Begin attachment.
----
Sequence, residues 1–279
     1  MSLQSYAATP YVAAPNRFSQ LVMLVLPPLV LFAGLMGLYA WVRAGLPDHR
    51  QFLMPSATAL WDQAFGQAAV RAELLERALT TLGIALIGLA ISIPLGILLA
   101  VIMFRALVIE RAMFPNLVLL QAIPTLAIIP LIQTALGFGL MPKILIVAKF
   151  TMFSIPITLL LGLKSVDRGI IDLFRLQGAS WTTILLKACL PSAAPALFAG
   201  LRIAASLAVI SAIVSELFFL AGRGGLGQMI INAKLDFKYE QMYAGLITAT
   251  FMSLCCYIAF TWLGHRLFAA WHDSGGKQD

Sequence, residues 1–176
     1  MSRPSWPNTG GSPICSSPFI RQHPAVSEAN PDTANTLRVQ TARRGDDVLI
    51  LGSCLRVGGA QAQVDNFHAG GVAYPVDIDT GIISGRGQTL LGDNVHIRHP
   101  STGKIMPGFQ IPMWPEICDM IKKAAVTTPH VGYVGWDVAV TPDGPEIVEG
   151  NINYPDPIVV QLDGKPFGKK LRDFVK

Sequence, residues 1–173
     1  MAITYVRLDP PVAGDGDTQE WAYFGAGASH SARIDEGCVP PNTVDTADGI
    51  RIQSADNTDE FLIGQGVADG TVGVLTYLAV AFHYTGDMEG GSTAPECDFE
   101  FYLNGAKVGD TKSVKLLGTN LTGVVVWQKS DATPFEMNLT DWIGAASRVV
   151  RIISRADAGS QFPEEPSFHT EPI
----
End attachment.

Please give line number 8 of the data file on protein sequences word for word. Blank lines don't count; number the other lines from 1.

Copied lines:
Sequence, residues 1–176